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The Bushwalker's Guide to the Galaxy Home Page
An Introduction to the Bushwalker's Guide to the Galaxy
Improvised Angle Measuring Techniques
Finding Reference Directions from your Surroundings
by Alan Sheehan B.E.
Improvised Navigation methods are just another set of navigation tools. They are based on observation and awareness of our surroundings - our world. When Improvised Navigation methods are learned, reliance on compasses and GPS's is reduced. Of course it is still wise to use them, but when they fail, someone who can navigate without them is less likely to feel stranded or "lost".
Improvised navigation techniques can and are used to check modern navigation methods, for example, to check a compass bearing for the affects of a magnetic anomaly. A good navigator always checks - preferably using another method!
Some years ago, a mate and I climbed Yerranderie Peak in the Blue Mountains National Park. While admiring the view we wondered if we could see Mt Armour and Mt Milo from the peak. Normally we both navigated and our bearings would differ by little more than 2 degrees, but we’d ceremoniously average the two and off we’d go. This time, on the peak, our bearings differed significantly on the same landmarks! Not only that they differed from the grid bearing we got when we checked it on the map, and we found they weren’t repeatable! We found the peak had a strong magnetic anomaly – strong enough to spin a compass needle around 3 times when moved about a metre close to the ground! Once we knew about the anomaly the solution was simple. We had a definite reference direction to Mt Colong, all we needed to do was work out the angle between the bearing to Mt Colong and each of Mt Armour and Mt Milo, and using the handspan technique (described later) we could identify the Mounts amongst the rolling ridges. We could also have improvised with our Silva compasses to simply use them as protractors.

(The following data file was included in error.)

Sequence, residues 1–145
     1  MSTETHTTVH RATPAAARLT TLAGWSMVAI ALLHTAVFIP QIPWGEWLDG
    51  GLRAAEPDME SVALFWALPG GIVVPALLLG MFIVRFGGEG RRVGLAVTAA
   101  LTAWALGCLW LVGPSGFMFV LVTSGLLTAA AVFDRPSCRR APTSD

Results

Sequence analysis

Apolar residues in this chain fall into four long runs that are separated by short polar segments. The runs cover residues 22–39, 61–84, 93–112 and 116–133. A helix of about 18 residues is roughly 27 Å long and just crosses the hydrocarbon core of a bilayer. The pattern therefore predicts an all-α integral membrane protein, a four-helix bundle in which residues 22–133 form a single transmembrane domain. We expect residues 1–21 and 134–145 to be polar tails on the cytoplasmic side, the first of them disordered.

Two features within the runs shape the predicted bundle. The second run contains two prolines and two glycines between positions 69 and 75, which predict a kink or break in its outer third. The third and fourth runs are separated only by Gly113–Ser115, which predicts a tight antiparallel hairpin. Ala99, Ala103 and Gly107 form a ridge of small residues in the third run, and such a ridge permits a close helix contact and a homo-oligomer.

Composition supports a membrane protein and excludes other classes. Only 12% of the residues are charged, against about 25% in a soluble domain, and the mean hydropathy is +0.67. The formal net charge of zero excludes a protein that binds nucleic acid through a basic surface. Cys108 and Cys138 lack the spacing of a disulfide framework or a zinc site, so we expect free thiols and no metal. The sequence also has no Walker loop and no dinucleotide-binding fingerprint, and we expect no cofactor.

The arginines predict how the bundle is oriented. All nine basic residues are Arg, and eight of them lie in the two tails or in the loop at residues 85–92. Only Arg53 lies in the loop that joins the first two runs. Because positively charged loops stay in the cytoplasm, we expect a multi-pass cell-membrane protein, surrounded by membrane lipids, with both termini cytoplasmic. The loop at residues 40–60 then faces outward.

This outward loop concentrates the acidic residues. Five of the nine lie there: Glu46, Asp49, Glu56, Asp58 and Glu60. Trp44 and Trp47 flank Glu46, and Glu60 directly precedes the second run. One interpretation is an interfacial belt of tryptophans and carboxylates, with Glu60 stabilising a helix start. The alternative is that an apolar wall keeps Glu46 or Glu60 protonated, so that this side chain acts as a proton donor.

Learning Improvised Navigation Techniques puts one more in touch with their environment, and far more capable and less likely to become a search subject. Of course, for this to be the case, I advocate using all the navigation techniques you have available - don't toss the compass and GPS!
Improvised navigation techniques are good pose value around the campfire too!
Improvised Navigation is all about awareness - of our surroundings: our world. We haven't lost all our "mental arithmetic" navigation skills. We are aware that the sun and moon rise (roughly) in the east and set (roughly) in the west. We develop a rough idea of where the sun should be in the sky at a particular time of the day. These signals give us our initial "sense of direction". We often almost subliminally use shadows, and we use prominent landmarks and local knowledge of our surroundings as well to maintain our "sense of direction".
Disorientation occurs when we take away the familiar landmarks and terrain, and natural direction indicators like the sun. Cavers cannot use distant landmarks, or the sun or moon. They rely heavily on learning the cave system (local knowledge) and/or mapping and compass navigation. Without a compass, the "sense of direction" can get way out of whack underground! Heavily overcast days above ground can produce similar disorientation in unfamiliar surroundings.
What people are least aware of these days, are the "long hand" navigation methods. Things like knowing what directions certain stars rise and set at (traditionally a popular method, so it seems), knowing how to find directions from various groups of stars anywhere in the sky, even just knowing how to measure angles. People also have little idea about how accurate various methods are. On that last point, there is significant misinformation both in the web and in literature.
Death before Disorientation!